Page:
Press release: Physical Therapy Assistant takes the next step in post stroke brain recovery

adan 7 2015 blue

Through 2012, Adan was an active PTA who loved trail running and mountain biking. One day he came home from work with what he thought was a chest cold. 3 days later, the issue was identified as a mild heart attack. During surgery, he suffered a stroke that damaged his cerebellum and brain stem. The initial neurological results were catastrophic.

Nearly 3 years later, Adan still attends physical therapy sessions, 3 times a week, at Texas State University.

There is one element that research shows is vital in motor relearning after brain injury: repetition. The key to walking is practice every day.

Adan’s level of function does not allow him to move safely in a traditional walker without multiple trained assistants, but a Second Step Gait Harness System II (GHSII) allows Adan to practice safe walking at home with a single helper.

The Texas State clinic closes for summer, and without the GHSII, he wouldn’t be able to practice safe walking.

Read more about Adan’s story of recovery, as published by The Headliner, Newsletter of the Brain Injury Alliance of Oregon , at:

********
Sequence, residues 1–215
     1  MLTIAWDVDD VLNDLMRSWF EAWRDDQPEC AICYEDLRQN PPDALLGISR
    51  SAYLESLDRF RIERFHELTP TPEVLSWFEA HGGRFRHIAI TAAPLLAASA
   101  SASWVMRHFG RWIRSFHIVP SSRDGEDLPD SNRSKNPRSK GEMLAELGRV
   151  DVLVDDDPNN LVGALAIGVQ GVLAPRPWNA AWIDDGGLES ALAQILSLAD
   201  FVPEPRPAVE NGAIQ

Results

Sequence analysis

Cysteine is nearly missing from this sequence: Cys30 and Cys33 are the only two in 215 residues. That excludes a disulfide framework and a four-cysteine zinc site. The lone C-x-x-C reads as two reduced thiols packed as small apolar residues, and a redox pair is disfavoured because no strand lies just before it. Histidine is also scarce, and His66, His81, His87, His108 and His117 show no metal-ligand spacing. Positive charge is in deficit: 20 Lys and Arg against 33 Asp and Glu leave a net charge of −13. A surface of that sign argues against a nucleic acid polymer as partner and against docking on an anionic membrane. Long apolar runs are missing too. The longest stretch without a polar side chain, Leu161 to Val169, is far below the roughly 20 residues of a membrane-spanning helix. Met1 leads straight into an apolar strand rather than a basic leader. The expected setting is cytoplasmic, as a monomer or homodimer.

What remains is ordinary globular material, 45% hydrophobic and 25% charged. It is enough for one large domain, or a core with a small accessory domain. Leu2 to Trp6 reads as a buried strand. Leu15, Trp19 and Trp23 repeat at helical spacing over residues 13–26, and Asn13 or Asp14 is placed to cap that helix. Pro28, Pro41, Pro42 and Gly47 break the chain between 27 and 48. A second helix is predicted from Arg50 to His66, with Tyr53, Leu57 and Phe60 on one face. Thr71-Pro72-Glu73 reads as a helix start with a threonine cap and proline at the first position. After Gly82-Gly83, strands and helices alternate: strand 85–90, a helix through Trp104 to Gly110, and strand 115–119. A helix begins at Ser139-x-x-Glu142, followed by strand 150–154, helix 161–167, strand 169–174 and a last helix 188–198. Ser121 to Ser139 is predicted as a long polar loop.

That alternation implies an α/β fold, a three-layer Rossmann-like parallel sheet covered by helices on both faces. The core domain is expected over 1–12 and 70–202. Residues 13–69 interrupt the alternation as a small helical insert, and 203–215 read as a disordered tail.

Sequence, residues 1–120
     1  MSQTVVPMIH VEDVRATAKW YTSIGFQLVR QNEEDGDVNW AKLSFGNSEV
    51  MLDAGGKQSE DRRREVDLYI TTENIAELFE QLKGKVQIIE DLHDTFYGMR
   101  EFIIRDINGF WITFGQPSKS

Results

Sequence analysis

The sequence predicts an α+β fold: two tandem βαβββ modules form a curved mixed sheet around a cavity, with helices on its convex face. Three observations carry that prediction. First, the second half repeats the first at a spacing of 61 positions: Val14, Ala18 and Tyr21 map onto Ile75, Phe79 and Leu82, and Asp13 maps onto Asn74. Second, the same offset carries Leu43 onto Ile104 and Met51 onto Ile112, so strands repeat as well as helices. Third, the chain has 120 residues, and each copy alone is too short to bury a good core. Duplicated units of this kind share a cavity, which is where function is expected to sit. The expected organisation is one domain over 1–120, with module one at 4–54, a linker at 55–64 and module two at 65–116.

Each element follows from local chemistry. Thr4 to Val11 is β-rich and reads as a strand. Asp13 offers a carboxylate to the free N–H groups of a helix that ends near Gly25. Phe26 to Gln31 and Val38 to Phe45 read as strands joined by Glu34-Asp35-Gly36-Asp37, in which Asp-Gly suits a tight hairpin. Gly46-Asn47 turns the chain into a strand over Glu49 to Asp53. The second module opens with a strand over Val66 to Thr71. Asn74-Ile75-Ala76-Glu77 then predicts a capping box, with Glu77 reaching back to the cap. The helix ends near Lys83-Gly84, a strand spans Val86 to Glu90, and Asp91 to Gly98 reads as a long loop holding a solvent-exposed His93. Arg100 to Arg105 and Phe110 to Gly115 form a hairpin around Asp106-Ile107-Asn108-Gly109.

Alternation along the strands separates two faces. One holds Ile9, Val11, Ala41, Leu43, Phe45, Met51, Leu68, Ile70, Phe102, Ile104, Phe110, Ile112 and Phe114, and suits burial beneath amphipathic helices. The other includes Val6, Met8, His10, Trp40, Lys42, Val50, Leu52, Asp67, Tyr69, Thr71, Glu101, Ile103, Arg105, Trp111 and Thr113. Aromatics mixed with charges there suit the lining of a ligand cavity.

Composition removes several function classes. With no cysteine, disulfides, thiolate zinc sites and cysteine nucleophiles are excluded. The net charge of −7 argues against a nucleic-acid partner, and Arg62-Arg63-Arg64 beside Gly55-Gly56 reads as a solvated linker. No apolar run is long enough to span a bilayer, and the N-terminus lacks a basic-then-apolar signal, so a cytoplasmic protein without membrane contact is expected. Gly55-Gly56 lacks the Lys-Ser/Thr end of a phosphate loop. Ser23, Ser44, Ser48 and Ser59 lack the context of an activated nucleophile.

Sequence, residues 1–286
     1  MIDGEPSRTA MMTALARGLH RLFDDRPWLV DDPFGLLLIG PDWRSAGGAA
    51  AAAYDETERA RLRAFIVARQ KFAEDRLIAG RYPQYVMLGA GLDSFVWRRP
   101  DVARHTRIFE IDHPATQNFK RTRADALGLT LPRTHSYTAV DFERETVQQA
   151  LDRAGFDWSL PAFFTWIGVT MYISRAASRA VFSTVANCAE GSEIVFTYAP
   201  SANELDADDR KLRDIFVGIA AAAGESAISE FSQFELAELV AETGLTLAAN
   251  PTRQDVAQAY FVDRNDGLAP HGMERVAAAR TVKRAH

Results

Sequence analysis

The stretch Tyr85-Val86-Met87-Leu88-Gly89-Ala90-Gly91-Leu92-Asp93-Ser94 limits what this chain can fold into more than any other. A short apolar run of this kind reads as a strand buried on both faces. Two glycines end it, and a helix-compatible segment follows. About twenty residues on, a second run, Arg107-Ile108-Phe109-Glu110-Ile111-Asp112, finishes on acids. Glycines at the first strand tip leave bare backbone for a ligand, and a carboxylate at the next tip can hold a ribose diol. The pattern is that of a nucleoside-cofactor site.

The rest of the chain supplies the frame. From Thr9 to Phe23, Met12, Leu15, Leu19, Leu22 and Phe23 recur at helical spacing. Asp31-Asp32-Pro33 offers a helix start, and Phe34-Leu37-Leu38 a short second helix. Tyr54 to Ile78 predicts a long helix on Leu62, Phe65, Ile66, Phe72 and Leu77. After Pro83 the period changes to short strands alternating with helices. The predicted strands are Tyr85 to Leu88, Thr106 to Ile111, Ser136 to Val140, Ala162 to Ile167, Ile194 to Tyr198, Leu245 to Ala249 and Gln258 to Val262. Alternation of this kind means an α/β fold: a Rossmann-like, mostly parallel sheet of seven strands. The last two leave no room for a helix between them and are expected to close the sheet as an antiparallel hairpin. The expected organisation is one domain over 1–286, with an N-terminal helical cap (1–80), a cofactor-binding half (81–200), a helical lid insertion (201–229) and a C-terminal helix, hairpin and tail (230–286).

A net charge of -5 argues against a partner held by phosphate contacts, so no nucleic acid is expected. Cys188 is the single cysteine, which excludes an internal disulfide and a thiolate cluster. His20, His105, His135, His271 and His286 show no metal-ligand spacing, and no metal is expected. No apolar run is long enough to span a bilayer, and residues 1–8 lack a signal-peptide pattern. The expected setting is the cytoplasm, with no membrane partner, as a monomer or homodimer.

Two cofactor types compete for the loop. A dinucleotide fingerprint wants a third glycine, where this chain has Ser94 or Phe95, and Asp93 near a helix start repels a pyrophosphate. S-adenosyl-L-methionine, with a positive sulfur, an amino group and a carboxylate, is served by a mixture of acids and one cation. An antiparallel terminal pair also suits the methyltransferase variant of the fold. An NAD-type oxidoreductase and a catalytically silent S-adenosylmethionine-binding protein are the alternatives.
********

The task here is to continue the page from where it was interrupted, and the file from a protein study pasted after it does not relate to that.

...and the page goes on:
Physical Therapy Assistant takes the next step in post stroke brain recovery

Questions about the Gait Harness System? Call us at 877.299.STEP or  Contact us Today

Steffani Dubats JD, Executive Director, Sales Satisfaction, Second Step, Inc.

Please visit to find out more about the results oriented, clinically proven Gait Harness System® (GHS) and NEW Gait Harness System® II (GHSII). Many severely injured individuals who are using the GHS, and who were unable to walk in the 5, 10 and 20 plus years post their injuries, are now beginning to stand and walk again for the first time. The GHS helps individuals regain healthy functioning after challenges due to spinal cord injury, traumatic brain injury, stroke, cerebellar degeneration, orthopedic, neurological, lower extremity amputation, Parkinson’s, Alzheimer’s, and other ambulation, gait and balance rehabilitation issues. The GHS is used world-wide in a broad spectrum of out-patient, in-patient, and home enriched environments.

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